Houseplant Humidity Guidelines
Homes with central heating are dry during fall and winter. The same is true in summer of houses where the air conditioner runs a lot. Cacti and succulents thrive in dry conditions, but most plants don't. Either you grow plants that like or tolerate dryness, or you raise the humidity in your home.
A humidifier is the simplest and most obvious solution. The added moisture benefits most houseplants. And it benefits furniture and people, too. If you don't want to buy a whole-house or room humidifier, try setting a small vaporizer near plants.
Grouping plants helps, too, because moisture released by one plant can be picked up by another. Keep in mind that despite their love for humidity, plants need good air circulation to ward off disease. Leaves of individual plants should not touch. This isn't always possible, but you should try to give each plant breathing room.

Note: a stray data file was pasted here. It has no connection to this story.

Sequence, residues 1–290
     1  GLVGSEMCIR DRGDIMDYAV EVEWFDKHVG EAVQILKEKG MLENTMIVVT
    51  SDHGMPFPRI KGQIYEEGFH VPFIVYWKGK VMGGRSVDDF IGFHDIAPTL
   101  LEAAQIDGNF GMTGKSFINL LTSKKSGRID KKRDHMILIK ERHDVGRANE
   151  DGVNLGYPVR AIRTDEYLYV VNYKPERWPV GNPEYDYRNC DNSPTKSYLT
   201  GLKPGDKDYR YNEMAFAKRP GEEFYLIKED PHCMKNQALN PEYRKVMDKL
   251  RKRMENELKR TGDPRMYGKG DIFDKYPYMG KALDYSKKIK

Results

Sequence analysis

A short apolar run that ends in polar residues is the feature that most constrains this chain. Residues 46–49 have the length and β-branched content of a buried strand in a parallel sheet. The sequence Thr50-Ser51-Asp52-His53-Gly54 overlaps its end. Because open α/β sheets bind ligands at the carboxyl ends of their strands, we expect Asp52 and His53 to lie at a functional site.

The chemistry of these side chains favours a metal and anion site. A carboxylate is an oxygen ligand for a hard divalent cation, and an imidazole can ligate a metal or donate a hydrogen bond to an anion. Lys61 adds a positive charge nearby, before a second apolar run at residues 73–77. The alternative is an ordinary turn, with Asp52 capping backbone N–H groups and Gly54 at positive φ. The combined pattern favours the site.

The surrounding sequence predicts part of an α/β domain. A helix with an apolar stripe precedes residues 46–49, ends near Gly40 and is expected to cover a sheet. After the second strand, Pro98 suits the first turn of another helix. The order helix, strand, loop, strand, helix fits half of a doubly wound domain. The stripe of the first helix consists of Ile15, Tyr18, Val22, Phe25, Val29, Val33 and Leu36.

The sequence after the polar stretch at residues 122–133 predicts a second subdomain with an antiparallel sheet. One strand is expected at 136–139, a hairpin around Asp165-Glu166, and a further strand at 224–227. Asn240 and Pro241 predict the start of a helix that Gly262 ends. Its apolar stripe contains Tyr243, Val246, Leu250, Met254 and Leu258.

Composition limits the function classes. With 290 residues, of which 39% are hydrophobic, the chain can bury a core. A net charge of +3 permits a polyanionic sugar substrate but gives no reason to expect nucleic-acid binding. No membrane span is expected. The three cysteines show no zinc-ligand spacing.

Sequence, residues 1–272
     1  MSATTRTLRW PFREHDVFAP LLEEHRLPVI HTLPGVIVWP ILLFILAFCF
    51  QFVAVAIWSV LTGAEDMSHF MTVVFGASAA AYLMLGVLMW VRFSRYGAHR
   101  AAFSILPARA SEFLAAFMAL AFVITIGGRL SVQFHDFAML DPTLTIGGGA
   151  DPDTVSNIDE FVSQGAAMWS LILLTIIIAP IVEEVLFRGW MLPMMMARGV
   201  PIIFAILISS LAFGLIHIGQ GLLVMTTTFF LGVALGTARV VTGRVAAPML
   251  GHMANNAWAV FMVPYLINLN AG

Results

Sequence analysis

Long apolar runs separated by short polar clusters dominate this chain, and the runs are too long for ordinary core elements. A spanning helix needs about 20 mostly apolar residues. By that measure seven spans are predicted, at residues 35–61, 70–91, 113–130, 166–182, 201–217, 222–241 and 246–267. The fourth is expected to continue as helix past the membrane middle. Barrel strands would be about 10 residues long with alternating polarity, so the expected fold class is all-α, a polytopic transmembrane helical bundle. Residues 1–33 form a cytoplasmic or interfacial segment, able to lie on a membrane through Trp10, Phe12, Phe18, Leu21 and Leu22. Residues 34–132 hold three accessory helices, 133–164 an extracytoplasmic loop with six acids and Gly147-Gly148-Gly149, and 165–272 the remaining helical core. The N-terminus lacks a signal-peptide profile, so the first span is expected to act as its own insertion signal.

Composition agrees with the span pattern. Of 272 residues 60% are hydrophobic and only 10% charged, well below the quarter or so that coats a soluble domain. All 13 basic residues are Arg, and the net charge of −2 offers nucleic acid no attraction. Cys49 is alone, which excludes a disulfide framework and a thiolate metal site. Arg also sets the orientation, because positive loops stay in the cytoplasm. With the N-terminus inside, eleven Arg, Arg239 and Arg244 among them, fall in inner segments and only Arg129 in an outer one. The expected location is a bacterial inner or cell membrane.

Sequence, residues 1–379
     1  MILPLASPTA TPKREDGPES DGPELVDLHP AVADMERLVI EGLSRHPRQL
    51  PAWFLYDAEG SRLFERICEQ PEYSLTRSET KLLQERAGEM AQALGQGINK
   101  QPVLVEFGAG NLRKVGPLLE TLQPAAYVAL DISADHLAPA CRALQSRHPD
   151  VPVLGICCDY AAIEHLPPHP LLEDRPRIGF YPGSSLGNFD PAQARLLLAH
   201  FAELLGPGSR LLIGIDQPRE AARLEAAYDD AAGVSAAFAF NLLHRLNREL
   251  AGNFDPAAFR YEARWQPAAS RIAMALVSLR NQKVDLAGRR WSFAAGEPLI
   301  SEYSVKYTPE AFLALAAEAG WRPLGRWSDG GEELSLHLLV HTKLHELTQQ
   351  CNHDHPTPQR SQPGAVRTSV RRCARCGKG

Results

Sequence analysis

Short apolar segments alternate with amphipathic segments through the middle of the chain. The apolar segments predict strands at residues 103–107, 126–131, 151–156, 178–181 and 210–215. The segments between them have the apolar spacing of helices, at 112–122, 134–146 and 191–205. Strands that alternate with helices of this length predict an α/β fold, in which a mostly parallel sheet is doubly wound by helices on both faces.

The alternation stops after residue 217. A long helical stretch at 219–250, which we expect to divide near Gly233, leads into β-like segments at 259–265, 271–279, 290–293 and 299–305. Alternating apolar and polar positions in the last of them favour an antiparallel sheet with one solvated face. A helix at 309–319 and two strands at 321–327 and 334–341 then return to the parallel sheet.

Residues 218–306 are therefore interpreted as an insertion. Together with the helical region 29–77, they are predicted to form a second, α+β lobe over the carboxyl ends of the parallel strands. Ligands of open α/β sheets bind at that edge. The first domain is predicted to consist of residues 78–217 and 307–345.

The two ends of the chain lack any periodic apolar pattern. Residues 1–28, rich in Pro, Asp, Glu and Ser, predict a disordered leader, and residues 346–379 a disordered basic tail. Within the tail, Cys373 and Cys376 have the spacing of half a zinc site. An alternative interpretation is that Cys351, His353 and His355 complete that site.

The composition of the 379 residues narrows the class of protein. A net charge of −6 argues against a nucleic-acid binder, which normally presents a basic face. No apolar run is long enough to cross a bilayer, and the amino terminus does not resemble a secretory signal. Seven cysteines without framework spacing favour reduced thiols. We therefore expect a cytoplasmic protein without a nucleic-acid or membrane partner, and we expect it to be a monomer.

Finally, spray your plants frequently with a fine mist of tepid water. Mist both the tops and bottoms of leaves. Mist in the morning so that plants have a chance to dry during the day. Misting at night encourages disease. Besides increasing the humidity around plants, misting also helps deter some insects, especially red spider mites.
Increasing the Humidity
Place an individual plant or group of plants on a tray of wet pebbles to raise the humidity around them. Fill the tray with water until the water's surface is just below the pot bottoms.
You can raise the humidity, too, by placing a potted plant inside a larger pot. Fill the gap between the pots with sphagnum moss. Pour water over moss until it's moist. Learn how to maintain the right moisture level in your houseplants with proper watering techniques.